The second half of the course was considerably better than the first and it did include a few downhill bits as promised. There were also a lot more people cheering us on during the second half, as we got closer and closer to Kerikeri, which really helped (to the little boy that was giving all the runners high fives, you made my next few hundred metres a lot easier!).

Around the 17km mark, I finished off the Gu and, for some stupid reason, also lost the ability to get any water out of my hydration pack (there may have been a couple of swearwords involved, as I tried to get the damn thing to work). In the end, I just gave up on water completely.

The highlight of the run was seeing another km marker in the distance and thinking “oh, good, that must be the 19km mark” and then getting closer and realising that I was wrong and it was actually the 20km mark! That never ever happens (the opposite, unfortunately, happens to me quite often). I think there may have been an out loud “YES!” at the sight of that marker.

The run finished inside Kerikeri domain. I’m not a fan of running on grass and those final 100m are always the hardest but I was super happy to see the finish line and realise that I had done it again.

we know how to celebrate in style. well, kinda.

We celebrated with hot chips and a couple of beers, sitting in the sun waiting for prize giving to start. The bus then took us back to Paihia where we spent the rest of the day lounging around the pool, eating yummy food and napping, before having one of the earliest nights ever (in bed by 8:55pm, I got a glimpse into what life as an elderly lady will be like).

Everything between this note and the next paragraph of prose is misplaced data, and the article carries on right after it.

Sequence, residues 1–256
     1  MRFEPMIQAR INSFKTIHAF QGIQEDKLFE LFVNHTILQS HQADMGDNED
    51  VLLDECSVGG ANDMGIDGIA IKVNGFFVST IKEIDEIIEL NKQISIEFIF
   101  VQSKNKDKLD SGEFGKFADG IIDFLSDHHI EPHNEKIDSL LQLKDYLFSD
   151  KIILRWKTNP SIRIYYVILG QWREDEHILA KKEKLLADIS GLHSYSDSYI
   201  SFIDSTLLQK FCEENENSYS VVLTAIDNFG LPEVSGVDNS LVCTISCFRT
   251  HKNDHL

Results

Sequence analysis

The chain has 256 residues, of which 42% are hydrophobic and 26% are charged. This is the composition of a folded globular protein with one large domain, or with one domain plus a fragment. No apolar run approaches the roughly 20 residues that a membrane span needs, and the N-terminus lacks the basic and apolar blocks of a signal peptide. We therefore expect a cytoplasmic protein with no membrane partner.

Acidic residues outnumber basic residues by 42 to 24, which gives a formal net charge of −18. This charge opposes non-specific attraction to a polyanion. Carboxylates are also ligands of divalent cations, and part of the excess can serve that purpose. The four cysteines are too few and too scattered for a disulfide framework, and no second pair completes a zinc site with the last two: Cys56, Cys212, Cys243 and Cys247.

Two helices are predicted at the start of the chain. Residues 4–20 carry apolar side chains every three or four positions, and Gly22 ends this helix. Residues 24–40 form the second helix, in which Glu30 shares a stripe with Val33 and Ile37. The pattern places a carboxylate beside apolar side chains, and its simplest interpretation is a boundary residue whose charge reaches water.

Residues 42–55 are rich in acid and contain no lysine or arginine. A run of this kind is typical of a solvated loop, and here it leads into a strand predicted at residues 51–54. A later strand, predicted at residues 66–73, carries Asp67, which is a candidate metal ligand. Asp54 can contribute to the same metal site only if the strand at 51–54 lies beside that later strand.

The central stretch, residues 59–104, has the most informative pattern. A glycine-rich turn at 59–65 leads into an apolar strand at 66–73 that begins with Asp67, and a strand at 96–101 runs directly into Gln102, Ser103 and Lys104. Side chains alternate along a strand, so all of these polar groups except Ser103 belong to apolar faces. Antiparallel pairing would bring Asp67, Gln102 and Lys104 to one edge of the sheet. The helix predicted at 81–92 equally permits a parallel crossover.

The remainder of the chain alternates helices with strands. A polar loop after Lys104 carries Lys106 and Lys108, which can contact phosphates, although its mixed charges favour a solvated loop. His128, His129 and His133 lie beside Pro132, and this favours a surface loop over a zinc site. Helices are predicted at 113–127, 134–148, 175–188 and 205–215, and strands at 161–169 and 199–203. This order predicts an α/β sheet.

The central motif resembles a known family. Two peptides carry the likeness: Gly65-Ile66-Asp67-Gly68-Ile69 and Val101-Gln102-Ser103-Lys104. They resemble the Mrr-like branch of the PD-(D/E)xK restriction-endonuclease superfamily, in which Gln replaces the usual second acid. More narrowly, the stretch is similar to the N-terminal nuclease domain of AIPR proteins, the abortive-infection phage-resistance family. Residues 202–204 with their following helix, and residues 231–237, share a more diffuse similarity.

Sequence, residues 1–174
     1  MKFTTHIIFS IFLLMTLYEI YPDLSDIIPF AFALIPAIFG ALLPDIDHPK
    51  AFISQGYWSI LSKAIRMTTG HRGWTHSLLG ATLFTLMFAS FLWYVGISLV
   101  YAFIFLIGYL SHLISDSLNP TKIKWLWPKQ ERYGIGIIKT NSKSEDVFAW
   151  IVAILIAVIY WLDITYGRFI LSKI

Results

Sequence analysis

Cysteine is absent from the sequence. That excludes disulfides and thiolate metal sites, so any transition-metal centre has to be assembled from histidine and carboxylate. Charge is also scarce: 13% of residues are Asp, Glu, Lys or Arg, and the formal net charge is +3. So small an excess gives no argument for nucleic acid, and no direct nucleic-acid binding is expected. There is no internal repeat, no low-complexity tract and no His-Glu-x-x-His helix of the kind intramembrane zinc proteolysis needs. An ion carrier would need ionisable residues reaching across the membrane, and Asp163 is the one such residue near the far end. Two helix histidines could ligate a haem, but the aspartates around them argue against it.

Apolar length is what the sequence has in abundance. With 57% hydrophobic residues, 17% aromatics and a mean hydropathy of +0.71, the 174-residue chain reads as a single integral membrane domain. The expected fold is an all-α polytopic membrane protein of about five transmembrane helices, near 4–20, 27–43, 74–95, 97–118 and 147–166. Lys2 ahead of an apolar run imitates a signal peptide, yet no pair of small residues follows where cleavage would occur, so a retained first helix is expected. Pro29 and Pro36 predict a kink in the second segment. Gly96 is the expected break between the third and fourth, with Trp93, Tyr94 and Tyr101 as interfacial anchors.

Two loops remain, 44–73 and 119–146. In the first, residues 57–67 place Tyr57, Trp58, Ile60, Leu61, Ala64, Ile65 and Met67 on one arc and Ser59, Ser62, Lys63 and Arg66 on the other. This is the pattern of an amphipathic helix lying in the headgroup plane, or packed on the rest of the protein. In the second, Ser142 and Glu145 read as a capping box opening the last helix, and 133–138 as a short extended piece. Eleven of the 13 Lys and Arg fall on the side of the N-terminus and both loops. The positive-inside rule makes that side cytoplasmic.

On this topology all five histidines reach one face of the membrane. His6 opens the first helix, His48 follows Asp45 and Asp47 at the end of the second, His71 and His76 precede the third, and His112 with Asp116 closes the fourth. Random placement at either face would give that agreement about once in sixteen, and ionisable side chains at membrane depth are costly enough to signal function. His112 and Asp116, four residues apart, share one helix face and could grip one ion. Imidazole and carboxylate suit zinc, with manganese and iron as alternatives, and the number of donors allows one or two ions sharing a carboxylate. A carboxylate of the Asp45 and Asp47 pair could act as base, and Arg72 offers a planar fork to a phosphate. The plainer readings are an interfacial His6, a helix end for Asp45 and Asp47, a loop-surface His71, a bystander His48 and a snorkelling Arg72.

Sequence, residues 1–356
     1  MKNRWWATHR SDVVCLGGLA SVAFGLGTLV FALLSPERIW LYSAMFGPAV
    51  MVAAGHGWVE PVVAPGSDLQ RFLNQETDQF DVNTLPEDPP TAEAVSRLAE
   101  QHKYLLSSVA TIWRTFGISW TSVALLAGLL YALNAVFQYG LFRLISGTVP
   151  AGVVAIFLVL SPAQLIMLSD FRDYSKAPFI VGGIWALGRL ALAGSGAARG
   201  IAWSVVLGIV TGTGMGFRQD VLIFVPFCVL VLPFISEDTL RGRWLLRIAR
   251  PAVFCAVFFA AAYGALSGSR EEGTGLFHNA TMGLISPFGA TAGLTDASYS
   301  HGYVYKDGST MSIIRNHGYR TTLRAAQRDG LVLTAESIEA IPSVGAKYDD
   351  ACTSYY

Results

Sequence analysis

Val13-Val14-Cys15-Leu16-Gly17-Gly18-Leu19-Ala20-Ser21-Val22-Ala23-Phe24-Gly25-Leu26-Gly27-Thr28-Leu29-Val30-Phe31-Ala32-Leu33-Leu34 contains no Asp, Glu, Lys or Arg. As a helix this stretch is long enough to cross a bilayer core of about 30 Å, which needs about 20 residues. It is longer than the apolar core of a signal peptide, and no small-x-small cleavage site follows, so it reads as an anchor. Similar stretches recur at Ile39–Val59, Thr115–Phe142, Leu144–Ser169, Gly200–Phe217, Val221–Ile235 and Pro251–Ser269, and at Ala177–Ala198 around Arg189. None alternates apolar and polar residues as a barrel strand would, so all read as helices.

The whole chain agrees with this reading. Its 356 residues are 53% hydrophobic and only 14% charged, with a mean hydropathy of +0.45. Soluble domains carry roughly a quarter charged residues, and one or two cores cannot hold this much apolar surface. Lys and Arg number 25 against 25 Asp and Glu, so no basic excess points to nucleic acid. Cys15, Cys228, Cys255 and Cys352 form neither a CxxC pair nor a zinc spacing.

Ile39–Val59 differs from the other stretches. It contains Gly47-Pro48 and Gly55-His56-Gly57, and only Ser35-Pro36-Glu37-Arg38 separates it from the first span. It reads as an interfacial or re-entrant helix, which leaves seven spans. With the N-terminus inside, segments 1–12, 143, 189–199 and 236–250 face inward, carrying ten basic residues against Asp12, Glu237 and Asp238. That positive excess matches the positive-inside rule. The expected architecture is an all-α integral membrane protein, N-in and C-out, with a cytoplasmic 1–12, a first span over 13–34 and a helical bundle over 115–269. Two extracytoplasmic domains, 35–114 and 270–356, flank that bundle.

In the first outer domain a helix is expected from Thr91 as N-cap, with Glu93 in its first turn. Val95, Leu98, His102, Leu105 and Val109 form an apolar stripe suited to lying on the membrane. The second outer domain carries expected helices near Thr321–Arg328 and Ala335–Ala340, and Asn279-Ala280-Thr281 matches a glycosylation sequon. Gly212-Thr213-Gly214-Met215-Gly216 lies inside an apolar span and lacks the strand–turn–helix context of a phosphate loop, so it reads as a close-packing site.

On sunday morning, I woke up to a whole lot of muscle pain. I spent the day looking like a 70 year-old who had been in a coma and was now re-learning to walk. The weather was amazing, though, and after treating ourselves to some good food, we made our way back to Auckland, stopping over at one of the best beaches I’ve ever found in New Zealand, where we took time to stretch some more.

pretty beach is pretty!

All in all, this was a great half-marathon. I am pretty keen to return to Kerikeri and run the same course again. I managed to beat my time from my first half-marathon in Taupo (albeit in much different conditions this time) and I know I can do even better than I did this time. We are now in the process of choosing a half-marathon to run sometime within the first three months of 2012 (one of the four we’re planning to run next year!) and I know it will be better. Unlike this time, we’ll actually train and be prepared for it. I was definitely not fit enough to do this half-marathon this time (and my body is now reminding me of it with every movement). We didn’t follow a training plan (despite having good intentions), most of our runs were about 5km or 6km only and we ran a grand total of approximately 10km in the two weeks leading to the half. Not ideal.

I feel like it my lack of training could have easily turned this into a nightmare and put me off running for a good while but, luckily, that wasn’t the case at all. I’m super pumped about the idea of picking another half-marathon, drawing up a training plan and do a few long runs leading up to race day. Roll on 2012!


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Emergency two-week half-marathon training plan

Oh heck, I should just accept that this is becoming a running blog, shouldn’t I? Don’t worry, regular broadcast (if there ever was one) will resume soon but, these days, running is pretty much the most important thing in my mind.